New York

Carolee Thea

14 Sculptors

It is the viewer who is the performer in Carolee Thea's work. A maze bounded in hardware cloth and barbed wire extends from floor to ceiling in the center of the gallery. Black curtains block the street world outside. And an amplified metronome steadily beats the measure of time. In the back Thea sits, knitting. An allusion to Ariadne guiding Theseus out of the labyrinth with her ball of thread. Less symbolically, the observer, watching the viewer proceed on the stage. Perhaps a reference to the impassive spectator detachedly noting the fall of a guillotine. But to return to the maze. A confrontation? The choice is left open. One can walk around, outside, peering into the cage. Or one can enter, treading along the narrow corridors, looking out through the fences of barbed wire. The sense of a concentration camp? Yet somewhere the potential immediacy of experience dissipates. Is it that I am nowhere really trapped, lost in the tangle of an encroaching web? The correct passage out always safely in sight. I try to pretend. Does the sheen of the small-holed hardware cloth mute the potent connotation of the barbed barriers? Associations to porch screening, familiar enclosures. Or is it the almost glossy newness of the wire itself which neutralizes its danger? And the noise. A drumlike rhythm. The sounds of drama. I hear a movie-track of thumping heartbeats, jungle dances. A parody of my position. But in a way maybe this does heighten my awareness of my presence as situated. I sense myself playing a part. Contrived in the piece. Not so much a participant involved in an event, more an accomplice agreeing to manipulation by the script.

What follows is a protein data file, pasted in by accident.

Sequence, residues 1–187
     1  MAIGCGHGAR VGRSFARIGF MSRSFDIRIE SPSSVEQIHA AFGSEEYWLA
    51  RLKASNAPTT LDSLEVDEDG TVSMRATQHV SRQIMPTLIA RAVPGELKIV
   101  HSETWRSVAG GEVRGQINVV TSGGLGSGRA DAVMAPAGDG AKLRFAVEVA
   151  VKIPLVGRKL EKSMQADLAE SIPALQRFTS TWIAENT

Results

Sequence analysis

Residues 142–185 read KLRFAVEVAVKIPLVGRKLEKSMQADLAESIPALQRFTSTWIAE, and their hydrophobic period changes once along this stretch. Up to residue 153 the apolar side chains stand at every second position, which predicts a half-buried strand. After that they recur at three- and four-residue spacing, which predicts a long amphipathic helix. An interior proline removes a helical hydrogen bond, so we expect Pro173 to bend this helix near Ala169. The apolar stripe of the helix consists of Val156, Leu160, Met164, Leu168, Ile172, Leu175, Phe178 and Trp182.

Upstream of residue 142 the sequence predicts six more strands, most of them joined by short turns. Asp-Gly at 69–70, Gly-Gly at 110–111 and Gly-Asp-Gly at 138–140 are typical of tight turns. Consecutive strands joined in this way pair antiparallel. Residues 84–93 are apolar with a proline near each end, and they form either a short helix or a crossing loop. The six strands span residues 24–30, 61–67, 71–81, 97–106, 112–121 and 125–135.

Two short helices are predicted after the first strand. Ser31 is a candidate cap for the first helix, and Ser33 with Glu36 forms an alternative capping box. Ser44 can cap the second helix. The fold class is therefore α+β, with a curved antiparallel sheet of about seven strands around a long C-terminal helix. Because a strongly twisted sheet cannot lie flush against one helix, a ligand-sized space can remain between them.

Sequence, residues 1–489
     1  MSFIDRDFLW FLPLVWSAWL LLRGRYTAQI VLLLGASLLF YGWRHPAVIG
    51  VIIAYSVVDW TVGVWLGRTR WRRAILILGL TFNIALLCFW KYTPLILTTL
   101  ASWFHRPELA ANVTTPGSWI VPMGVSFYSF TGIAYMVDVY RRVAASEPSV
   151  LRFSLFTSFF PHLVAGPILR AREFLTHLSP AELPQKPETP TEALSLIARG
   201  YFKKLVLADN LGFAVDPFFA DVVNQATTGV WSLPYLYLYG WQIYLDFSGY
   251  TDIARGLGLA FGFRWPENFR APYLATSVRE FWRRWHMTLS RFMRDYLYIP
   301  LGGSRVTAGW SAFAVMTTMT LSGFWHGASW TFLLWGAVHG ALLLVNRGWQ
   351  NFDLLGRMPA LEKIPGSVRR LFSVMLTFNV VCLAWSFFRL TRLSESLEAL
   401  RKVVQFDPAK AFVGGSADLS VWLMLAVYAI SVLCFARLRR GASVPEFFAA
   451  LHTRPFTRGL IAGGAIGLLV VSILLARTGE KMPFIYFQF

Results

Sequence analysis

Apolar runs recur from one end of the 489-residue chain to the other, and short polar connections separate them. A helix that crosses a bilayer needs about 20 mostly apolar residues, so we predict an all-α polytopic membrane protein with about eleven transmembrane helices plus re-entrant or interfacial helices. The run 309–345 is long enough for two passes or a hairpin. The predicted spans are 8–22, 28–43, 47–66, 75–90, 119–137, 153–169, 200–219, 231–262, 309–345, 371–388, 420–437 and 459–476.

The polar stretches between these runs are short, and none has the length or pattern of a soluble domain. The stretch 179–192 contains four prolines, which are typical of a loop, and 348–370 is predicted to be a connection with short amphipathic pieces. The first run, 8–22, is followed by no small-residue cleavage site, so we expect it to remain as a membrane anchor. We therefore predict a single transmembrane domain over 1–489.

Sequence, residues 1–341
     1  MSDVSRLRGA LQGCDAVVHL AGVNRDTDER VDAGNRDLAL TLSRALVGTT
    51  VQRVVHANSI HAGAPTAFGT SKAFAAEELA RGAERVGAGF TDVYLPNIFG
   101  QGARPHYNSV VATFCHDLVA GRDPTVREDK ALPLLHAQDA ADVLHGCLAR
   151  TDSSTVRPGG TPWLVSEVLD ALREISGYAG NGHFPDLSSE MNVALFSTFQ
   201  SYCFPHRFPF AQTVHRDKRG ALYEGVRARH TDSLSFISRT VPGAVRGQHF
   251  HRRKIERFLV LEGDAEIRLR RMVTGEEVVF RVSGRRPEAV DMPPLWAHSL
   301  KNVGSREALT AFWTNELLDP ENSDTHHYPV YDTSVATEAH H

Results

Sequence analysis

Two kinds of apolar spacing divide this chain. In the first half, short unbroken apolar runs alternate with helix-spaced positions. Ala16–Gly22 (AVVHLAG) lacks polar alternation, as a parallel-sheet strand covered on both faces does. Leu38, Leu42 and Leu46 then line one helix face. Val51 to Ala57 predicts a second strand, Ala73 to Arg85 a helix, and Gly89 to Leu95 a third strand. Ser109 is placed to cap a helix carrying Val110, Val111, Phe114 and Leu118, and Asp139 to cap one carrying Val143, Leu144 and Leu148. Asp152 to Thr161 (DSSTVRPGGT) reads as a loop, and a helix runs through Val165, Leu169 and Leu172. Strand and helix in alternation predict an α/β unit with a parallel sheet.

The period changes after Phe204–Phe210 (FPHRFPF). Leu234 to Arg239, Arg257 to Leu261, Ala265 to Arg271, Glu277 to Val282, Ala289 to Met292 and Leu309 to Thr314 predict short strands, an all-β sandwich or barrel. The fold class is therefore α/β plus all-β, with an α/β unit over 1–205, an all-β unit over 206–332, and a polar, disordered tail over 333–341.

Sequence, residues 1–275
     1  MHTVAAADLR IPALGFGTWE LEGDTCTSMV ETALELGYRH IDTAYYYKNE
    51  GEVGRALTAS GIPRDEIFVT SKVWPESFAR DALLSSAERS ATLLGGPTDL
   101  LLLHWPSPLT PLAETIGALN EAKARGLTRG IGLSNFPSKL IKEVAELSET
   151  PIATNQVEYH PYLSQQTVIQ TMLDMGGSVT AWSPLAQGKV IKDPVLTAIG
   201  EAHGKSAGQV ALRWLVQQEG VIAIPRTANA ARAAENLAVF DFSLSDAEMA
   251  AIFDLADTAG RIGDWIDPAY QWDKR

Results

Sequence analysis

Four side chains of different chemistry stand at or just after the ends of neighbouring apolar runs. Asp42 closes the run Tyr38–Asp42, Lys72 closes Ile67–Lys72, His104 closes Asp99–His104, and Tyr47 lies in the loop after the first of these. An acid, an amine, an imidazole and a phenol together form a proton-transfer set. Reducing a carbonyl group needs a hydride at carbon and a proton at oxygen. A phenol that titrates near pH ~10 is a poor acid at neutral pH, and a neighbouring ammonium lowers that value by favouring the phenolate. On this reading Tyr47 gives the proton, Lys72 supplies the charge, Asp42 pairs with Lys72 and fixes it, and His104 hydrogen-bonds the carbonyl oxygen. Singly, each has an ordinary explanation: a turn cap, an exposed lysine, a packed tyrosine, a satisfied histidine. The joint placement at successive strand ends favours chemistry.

Susan Heinemann